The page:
10 May 1993 (Memory-lapses, birthday, modern Lied, Bogarde, Hamnet-Hamlet)
Many thanks for your letter and enclosure, which have just arrived. I loved the disc; so much that's entirely original as well as first‑rate. I think that you and Graham are the born communicators and proselytisers of our time (you even helped to convert Bernard Levin, which is quite an achievement); and that gives me a strong sense of grandfatherly and fatherly (respectively, and respectfully) benevolence and gratification. I'm glad that the lied is in, and under, such good hands. I've been waiting, in vain, for a copy of my Schumann book re‑issue so that I can have something (but alas nothing original) to send you in return. I hope I remembered to send you a copy of the parallel Wolf edition; but I find these little things slipping, as my grandfather said in great mortification at being unable instantly to recall the whole of Paradise Lost. I've just lost my diary, too, which is a major disaster; I can't even verify my own memory‑lapses.
I'm getting over our birthday, gradually. I was moaning to Jeremy on the telephone about how I am, like Hamlet, most dreadfully attended. I can't find anyone to perform simple offices for me. Anyhow, when Jeremy confessed that he didn't quite know how old I now am I was able to give him the hint that I lacked factors. That shows, said he, that I must be in my prime.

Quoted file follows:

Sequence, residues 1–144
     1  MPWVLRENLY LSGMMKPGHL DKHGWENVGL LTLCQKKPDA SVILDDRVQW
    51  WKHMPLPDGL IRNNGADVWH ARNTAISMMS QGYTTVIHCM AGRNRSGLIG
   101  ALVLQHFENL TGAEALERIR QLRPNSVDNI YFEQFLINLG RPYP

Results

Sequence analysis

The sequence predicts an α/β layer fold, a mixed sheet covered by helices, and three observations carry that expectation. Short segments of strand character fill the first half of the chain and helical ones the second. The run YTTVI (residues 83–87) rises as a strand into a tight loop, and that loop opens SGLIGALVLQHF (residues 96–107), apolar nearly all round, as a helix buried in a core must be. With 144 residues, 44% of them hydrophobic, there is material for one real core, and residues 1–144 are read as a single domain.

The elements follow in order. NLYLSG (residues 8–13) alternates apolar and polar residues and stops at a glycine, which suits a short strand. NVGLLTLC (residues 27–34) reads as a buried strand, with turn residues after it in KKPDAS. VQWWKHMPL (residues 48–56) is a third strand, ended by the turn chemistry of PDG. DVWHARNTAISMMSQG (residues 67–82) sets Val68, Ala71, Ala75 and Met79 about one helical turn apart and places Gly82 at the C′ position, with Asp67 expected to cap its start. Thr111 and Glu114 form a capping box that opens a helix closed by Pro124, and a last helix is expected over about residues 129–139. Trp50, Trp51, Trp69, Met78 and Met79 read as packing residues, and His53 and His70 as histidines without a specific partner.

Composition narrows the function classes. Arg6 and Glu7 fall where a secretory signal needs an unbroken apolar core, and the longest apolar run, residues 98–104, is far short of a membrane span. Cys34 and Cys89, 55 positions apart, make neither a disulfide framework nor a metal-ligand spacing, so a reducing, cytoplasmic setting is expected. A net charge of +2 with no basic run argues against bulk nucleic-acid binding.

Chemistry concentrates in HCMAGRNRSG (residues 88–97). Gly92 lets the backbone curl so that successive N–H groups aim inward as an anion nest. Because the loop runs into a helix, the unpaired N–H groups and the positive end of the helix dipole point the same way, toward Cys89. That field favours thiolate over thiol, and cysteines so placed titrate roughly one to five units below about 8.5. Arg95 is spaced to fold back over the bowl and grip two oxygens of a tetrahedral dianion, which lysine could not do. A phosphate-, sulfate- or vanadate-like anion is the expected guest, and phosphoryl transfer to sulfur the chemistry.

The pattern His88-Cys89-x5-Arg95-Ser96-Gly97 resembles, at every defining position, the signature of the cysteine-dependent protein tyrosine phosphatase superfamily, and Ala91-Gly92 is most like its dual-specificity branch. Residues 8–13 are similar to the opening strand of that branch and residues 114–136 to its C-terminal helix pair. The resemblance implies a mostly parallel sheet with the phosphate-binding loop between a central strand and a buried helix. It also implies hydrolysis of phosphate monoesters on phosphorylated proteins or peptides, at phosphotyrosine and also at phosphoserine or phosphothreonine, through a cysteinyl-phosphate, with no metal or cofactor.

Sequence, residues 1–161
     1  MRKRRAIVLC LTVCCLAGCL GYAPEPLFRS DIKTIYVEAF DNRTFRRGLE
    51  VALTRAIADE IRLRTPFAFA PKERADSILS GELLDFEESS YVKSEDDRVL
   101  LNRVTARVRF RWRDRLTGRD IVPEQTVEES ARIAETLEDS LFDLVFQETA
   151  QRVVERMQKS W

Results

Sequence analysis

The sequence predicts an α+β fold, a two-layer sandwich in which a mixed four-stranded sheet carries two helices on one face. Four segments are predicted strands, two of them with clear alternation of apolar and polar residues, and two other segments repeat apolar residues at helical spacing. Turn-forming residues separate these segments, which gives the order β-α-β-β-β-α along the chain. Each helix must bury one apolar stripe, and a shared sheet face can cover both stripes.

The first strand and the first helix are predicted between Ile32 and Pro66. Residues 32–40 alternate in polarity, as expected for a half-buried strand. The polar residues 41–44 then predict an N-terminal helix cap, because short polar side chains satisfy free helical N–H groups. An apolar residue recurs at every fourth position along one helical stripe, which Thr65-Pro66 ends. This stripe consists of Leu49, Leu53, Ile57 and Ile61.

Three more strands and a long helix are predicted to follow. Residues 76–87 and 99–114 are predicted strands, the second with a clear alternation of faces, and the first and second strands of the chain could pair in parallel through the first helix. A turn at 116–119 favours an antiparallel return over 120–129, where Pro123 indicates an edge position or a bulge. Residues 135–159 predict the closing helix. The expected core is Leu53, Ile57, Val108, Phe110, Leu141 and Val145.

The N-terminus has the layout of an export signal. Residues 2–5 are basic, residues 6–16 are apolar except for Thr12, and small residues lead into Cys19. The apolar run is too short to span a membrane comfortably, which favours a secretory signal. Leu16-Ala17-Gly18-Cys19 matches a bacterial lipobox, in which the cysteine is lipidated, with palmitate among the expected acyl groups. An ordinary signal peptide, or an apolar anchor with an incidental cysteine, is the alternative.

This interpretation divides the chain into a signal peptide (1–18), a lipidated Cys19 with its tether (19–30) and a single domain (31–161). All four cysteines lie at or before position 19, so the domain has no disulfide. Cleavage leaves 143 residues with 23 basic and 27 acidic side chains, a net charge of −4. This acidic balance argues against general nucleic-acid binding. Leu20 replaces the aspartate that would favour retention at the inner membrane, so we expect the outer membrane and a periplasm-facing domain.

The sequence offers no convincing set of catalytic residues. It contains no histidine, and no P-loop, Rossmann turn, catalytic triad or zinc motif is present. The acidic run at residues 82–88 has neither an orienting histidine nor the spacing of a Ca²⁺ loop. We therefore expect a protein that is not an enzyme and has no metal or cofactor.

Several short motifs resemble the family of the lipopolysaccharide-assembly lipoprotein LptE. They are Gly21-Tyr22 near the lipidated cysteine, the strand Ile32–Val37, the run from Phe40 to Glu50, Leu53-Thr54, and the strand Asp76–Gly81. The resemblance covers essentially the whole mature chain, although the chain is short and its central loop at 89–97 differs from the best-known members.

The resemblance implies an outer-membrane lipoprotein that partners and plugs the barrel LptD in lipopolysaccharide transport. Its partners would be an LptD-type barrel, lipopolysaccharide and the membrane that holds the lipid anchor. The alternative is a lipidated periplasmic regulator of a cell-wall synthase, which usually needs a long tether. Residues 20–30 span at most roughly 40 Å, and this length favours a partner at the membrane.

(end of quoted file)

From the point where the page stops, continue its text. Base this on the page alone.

I loved the observations on being a professor of vocal chamber music. Perhaps it's fate's way of telling you that you've been chosen as the coming master of a new genre of composition, like Adrian Leverkühn (mutatis mutandis, absit omen, et coetera). If the comparison is more with Kafka, I think the best advice would be to get in through that door before they close it. Meanwhile it's altogether marvellous to hear that you're writing on the modern lied (structured I suppose by composers within national‑linguistic groupings). I'm agog to know what you think of everyone, including Warlock, C.W. Orr (a late dear friend of mine, worth your attention), Duparc, Musorgski and so forth. I'm sure you have great talent for writing too. I admired (and preened a bit at) the Schumann CD introduction; another sense in which the lied is in good hands.
I've read some of the Bogarde books, but the autobiographical rather than the novels. The prose seems a bit precious to me, like his Death in Venice performance and that film generally. His name is of Dutch derivation, I gather; and perhaps the same applies to Humphrey Bogart. Anyhow, the pronunciation is analogous, as an English trochee.
I've been having great disputes about prounciation. Nobody seems to notice that Shakespeare's son (1585‑96) was actually named Hamlet, with rather far‑reaching consequences; but I'm working on it, with further prospect.
And I'm hoping to see you, of course, at the Grüner or earlier.
Yes, we are fne, thanks. Which reminds me far no reason of the cable sent by the film magazine, in pursuit of a reader's enquiry, that read 'how old Gary Grant?' to which he replied 'Old Gary Grant OK, how you?
Best to all, as ever; belated but most affectionate birthday greetings and wishes,